Fulton County taxpayers can relax and take a deep breath. They will not be receiving any additional property tax bills from the state.
“Today was a win for the taxpayers and that is what matters,” said Fulton District 2 Commissioner Bob Ellis. “I have no regrets about leading the effort to rescind erroneous tax notices.”
At a news conference July 22 in the county’s government center in downtown Atlanta, Fulton Board of Commissioners Chair Robb Pitts signed the settlement agreement in which the state has agreed to accept the county’s 2017 and 2018 tax digests after more than two years of negotiations. Georgia Revenue Commissioner David M. Curry signed it July 19.
This means county taxpayers will not receive any additional state tax notices this year.
“Most importantly, Fulton County property owners no longer face the possible threat of reassessment or rebilling, and no fines or fees will be assessed against the county,” Pitts said.
In addition, the agreement states that the state and county will withdraw any pending litigation, Pitts said. According to the settlement agreement, Curry agreed to approve Fulton’s 2017 and 2018 tax digests.
The state tax commissioner further agreed the previous rejection of Fulton’s 2017 tax digest would not affect the approval, or disapproval, of any future digest submission or digest review for any subsequent year.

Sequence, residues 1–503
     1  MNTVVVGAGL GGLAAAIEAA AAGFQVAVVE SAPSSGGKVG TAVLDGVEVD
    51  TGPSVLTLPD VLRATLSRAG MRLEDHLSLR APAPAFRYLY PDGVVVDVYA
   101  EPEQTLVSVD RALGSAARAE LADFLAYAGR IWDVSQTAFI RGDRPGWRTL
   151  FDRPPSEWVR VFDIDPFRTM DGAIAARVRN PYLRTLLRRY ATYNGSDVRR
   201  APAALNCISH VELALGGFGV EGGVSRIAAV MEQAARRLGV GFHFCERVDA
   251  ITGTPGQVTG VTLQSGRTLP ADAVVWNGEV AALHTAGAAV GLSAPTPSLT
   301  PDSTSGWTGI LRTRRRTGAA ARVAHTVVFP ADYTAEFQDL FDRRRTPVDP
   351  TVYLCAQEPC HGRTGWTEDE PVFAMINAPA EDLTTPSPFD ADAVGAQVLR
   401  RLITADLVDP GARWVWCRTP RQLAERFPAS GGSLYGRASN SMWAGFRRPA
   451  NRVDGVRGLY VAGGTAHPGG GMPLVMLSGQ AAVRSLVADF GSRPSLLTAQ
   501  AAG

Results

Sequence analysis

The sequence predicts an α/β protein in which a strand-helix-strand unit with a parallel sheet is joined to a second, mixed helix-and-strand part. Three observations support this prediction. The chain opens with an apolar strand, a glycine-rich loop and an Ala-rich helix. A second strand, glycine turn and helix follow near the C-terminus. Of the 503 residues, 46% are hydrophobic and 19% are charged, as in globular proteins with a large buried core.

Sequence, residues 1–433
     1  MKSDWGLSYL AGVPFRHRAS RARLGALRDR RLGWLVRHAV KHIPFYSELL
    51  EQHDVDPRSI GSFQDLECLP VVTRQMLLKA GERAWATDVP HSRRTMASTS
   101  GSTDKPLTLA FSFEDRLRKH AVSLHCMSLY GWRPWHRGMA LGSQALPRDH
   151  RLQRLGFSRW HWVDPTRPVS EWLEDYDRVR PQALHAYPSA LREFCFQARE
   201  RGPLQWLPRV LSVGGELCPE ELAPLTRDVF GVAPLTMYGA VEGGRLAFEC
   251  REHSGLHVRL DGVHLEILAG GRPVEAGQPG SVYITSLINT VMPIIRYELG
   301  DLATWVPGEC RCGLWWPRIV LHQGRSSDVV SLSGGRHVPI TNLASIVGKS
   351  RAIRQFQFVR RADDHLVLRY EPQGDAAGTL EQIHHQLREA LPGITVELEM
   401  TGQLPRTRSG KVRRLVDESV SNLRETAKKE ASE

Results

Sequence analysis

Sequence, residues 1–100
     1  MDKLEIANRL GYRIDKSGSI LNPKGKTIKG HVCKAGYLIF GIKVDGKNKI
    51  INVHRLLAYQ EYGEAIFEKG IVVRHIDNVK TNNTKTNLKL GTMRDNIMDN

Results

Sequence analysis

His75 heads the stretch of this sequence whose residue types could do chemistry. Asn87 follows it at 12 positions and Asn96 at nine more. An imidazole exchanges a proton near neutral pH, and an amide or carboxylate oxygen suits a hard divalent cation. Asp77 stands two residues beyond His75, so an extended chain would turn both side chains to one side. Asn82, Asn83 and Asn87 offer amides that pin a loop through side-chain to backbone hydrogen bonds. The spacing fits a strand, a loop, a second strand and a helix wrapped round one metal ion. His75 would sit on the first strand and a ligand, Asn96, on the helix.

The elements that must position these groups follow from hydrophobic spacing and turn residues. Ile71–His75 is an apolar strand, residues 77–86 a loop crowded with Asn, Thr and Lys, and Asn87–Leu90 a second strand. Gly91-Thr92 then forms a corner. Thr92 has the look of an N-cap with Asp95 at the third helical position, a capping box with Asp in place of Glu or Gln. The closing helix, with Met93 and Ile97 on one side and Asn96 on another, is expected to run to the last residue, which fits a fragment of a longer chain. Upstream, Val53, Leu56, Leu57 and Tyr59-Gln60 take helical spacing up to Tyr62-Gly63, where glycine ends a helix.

District 3 Commissioner and Vice Chair Lee Morris said the commission was very pleased with the settlement as this was a very big issue for taxpayers, “and it would have been a long, drawn out process if this issue had gone contrary to Fulton County’s position.”
“It would have been a mess for taxpayers of Fulton County, so it was important that this issue was settled,” Morris said. “We are grateful to the folks at the state level who worked with us and Fulton County which made this settlement possible.”
Calls to the Georgia Department of Revenue seeking comment on the settlement were not returned by the Neighbor’s deadline.
Ellis said this settlement was lengthy and time consuming, “but it was the right legal, moral and ethical thing to do for taxpayers.”
“For whatever the reason the state chose to challenge, Fulton prevailed during each phase of the count process but the state had continued to appeal,” he said.
“I applaud the new revenue commissioner for agreeing to end a dispute which served no purpose.” Ellis said.
During the news conference, Pitts said properties in Fulton are among the most valuable in the state.
“Our property owners need assurance that the assessment process is fair and accurate,” he said. “Over the last two years, we have invested missions in new technology, new staff, more training and better communications for our property assessment process.”